FDA grants orphan drug designation to AAV1-FS344 for Inclusion Body Myositis
US Food and Drug Association (FDA) announces orphan drug designation for Milo Biotechnology’s AAV1-FS344.
Release Date: 21-Nov-2016
US Food and Drug Association (FDA) announces orphan drug designation for Milo Biotechnology’s AAV1-FS344 for treatment of inclusion body myositis. AAV1-FS344 is a gene therapy delivered follistatin protein that increases muscle strength and function.
Currently, AAV1-FS344 is in its phase I/II trial in the Nationwide Children's Hospital in adult patients with sporadic inclusion body myositis which is funded by the foundations Parent Project Muscular Dystrophy and The Myositis Association.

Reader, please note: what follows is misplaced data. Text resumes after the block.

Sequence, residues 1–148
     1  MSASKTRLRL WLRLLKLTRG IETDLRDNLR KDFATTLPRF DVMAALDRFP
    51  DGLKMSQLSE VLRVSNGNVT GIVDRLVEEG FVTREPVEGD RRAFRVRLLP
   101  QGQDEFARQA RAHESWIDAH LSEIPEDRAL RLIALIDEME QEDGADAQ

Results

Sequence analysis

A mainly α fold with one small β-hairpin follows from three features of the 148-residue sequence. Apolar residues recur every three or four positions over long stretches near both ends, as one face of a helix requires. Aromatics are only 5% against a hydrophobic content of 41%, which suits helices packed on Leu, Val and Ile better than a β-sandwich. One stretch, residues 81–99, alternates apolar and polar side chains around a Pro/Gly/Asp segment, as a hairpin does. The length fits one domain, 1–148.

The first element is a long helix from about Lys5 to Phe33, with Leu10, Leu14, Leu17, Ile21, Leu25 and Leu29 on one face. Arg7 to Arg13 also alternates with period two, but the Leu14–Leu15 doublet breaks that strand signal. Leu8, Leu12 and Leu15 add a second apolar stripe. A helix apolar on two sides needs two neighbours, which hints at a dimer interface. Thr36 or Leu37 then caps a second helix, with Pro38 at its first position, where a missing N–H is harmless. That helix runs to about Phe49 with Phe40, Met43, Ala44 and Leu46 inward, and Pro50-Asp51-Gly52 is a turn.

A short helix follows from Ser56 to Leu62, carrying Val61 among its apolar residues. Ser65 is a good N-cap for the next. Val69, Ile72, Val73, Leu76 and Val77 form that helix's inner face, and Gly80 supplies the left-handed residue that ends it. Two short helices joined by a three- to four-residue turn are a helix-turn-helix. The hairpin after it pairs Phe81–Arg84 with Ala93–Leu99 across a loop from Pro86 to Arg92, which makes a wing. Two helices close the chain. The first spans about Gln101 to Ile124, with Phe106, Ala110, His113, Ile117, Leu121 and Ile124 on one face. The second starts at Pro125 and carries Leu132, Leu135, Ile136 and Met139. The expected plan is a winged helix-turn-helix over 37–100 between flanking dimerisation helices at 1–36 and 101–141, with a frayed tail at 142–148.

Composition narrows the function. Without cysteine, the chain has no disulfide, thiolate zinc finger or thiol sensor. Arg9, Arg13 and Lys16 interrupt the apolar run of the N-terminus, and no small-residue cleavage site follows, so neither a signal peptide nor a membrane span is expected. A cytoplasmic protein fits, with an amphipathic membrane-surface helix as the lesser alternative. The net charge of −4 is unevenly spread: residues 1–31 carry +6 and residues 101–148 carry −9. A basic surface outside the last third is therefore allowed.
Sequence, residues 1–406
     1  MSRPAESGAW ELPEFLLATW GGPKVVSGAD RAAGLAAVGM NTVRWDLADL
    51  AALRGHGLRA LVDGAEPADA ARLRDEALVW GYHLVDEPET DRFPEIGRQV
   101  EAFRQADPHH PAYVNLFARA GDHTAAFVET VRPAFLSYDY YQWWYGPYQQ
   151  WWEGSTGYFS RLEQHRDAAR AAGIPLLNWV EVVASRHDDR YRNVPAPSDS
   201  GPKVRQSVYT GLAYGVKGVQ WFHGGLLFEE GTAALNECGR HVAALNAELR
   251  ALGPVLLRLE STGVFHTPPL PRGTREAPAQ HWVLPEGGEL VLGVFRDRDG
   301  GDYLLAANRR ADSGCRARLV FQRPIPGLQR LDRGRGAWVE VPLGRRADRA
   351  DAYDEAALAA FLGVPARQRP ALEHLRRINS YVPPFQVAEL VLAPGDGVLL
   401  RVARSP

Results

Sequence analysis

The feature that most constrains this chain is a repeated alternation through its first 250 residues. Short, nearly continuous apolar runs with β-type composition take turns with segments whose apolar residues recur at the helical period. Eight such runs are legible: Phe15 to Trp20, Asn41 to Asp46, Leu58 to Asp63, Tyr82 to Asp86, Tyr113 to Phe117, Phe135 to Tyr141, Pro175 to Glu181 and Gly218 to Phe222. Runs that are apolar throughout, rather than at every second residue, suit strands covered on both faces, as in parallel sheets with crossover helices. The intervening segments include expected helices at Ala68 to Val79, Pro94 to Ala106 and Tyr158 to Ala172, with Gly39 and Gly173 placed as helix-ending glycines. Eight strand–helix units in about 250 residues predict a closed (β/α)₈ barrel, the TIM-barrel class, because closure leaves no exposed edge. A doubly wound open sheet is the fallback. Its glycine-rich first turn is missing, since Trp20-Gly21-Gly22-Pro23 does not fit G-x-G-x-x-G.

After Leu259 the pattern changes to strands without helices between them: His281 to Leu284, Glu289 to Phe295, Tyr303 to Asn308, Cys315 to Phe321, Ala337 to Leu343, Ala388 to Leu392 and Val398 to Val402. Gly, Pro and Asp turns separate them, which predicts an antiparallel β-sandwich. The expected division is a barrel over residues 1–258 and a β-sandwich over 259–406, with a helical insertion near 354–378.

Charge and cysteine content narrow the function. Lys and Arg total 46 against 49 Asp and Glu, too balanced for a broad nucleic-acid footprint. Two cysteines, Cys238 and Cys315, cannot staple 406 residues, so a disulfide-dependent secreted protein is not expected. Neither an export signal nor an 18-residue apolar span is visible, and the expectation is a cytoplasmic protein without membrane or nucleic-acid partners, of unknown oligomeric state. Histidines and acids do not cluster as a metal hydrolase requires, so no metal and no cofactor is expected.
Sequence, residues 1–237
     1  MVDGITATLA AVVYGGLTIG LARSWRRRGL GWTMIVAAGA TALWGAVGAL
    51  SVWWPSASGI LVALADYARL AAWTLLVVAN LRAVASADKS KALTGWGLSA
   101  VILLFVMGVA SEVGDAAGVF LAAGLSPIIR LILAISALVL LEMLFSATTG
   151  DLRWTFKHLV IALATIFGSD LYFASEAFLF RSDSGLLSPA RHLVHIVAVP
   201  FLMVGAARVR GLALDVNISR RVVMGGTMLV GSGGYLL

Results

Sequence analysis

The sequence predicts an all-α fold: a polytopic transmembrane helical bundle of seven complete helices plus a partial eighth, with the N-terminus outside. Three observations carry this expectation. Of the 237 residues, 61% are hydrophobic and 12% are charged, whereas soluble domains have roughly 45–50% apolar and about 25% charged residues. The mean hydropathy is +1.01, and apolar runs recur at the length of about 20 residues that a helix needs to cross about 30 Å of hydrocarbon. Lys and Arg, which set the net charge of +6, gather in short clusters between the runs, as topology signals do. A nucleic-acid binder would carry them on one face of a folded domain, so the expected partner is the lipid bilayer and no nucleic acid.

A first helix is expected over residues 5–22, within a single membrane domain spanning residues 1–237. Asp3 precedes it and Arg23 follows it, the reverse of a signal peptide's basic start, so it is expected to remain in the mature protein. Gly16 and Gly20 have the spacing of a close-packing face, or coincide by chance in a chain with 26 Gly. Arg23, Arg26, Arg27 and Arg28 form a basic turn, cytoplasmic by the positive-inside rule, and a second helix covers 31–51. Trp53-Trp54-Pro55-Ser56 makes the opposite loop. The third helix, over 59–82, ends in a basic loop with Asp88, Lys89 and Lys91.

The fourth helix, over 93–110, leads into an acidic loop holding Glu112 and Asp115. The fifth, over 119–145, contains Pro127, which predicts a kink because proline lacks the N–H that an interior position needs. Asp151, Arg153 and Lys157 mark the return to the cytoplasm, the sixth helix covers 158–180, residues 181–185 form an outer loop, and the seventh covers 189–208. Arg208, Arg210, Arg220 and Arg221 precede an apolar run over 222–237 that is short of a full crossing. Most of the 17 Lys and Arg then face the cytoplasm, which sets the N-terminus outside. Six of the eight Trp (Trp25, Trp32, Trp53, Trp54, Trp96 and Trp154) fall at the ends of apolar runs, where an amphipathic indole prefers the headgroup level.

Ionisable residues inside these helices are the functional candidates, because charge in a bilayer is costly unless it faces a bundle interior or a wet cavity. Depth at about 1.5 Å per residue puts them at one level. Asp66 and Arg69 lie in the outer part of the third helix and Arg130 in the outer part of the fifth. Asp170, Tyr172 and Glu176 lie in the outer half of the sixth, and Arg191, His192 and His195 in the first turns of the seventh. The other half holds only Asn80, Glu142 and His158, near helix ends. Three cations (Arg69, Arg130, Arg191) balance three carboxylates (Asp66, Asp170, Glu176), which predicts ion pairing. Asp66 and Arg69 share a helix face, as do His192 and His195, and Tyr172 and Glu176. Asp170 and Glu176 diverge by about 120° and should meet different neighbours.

Inclusion body myositis (IBM) is an adult onset myopathy causing severe and progressive muscle weakness. Most of the patients suffering from IBM are wheelchair bound within 10 years of diagnosis. Milo's AAV1-FS344 program is also being studied for other two rare diseases namely, Becker muscular dystrophy and Duchenne muscular dystrophy, for which the company received FDA approved orphan drug status in 2012.
The FDA Orphan Drug Designation is granted to medicines and biologics that are defined as those intended for the safe and effective treatment, diagnosis or prevention of rare diseases or disorders that affect fewer than 200,000 people in the U.S., or that affect more than 200,000 persons but are not expected to recover the costs of developing and marketing a treatment medicine.
For Orphan Drug Clinical Insight Reports Contact: email@example.com
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